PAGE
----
The applicability of New York's divorce laws are based on the length of state and county residency and also include waiting periods. In the Empire State, you can base your divorce on either fault or "no-fault" grounds, or you can base the dissolution on spouses being separated for at least 12 months (either through a judgment or mutual agreement).
New York added no-fault divorces for the first time in 2010, the last state to do so. Prior to that, parties to an uncontested divorce would agree to choose a fault in order to finalize the process.
New York Divorce Laws: Legal Grounds
In addition to no-fault divorce, New York allows divorce if one of the parties is able to prove one of the following causes (or faults):
- Cruel and inhumane treatment
- Abandonment for at least a year (continuously)
- Three years or more of incarceration
The following table outlines the basic legal requirements for divorce in New York. For more information, see Details on State Requirements for Divorce, Divorce and Out-of-Court Proceedings: Alternative Dispute Resolution, and An Overview of Fault and No-Fault Divorce Law to learn more.
||Dom. Rel. §§170, 171, 202, 230, 231
||Were married in state or reside in state as husband and wife and either party has been resident 1 yr. before commencing suit; cause occurred in New York and both parties are resident at commencement of suit; either has been resident for 2 yrs.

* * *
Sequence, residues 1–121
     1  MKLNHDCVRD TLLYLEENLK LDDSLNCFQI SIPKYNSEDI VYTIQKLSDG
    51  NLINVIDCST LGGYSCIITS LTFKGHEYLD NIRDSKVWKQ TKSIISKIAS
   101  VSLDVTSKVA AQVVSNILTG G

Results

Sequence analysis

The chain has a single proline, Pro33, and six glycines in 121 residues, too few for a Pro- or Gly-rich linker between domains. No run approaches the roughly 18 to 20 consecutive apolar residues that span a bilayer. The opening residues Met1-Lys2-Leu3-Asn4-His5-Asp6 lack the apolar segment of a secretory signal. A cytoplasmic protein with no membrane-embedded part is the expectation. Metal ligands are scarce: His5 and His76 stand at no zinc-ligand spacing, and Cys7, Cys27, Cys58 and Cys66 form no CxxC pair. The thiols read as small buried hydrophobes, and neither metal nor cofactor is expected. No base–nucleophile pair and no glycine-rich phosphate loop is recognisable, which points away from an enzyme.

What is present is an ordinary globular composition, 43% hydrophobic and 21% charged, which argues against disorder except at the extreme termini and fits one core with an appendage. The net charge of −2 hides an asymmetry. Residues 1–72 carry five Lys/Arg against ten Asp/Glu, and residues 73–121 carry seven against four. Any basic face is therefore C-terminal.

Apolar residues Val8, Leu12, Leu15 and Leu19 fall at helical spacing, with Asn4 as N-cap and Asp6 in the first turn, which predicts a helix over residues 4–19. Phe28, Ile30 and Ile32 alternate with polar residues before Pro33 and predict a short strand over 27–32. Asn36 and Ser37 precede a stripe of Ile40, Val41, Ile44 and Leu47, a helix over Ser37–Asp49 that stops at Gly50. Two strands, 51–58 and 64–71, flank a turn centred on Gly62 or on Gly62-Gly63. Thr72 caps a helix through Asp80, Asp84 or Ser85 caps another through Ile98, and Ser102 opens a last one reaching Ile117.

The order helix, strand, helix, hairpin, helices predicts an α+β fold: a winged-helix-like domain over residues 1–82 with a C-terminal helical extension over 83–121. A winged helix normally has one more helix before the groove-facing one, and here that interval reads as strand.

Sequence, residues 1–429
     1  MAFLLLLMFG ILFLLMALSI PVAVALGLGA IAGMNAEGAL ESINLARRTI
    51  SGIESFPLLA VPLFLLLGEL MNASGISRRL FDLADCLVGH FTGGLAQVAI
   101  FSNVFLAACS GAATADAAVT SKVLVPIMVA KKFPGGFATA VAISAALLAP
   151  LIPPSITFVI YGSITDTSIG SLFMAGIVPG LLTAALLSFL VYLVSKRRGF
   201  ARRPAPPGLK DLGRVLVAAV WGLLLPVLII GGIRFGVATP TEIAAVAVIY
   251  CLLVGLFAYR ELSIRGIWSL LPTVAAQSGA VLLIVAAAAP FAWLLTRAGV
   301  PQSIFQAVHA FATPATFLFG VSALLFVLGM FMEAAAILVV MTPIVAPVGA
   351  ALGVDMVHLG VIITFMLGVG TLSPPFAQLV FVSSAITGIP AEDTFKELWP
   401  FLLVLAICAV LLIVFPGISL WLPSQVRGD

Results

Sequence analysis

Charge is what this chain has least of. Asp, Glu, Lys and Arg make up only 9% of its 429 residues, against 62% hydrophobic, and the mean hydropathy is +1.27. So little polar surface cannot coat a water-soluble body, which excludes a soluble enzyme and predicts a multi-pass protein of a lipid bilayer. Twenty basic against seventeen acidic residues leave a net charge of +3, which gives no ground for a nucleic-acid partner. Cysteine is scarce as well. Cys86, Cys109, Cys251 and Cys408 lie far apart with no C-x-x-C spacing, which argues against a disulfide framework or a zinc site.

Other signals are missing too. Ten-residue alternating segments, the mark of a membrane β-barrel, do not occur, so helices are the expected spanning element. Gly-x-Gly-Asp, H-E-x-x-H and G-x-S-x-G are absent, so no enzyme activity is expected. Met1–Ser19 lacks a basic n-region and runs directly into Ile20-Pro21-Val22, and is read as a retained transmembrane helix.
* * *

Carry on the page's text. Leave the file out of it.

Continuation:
|'No Fault' Grounds for Divorce
||Separation (1 yr. or more).
|Defenses to a Divorce Filing
||Adultery: Offense committed with plaintiff's connivance; offense forgiven (shown affirmatively, by voluntary cohabitation, or by no action commenced within 5 yrs. of discovery of offense); plaintiff also guilty of adultery; defendant may set up misconduct of plaintiff as justification.
|Other Grounds for Divorce
||Adultery; cruel and inhuman treatment; abandonment (for 1 or more years); imprisonment of defendant for 3 or more consecutive yrs; lived apart for 1 or more yrs.
Note: State laws are always subject to change through the passage of new legislation, rulings in the higher courts (including federal decisions), ballot initiatives, and other means. While we strive to provide the most current information available, please consult an attorney or conduct your own legal research to verify the state law(s) you are researching.
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New York Divorce Laws: Related Resources
Learn More About New York Divorce Laws from a Lawyer
Since divorce is typically an adversarial process, the best way to protect your interests is to consult with an experienced divorce attorney near you. A legal professional will ensure that no stone is left unturned and can also help with such delicate matters as child custody.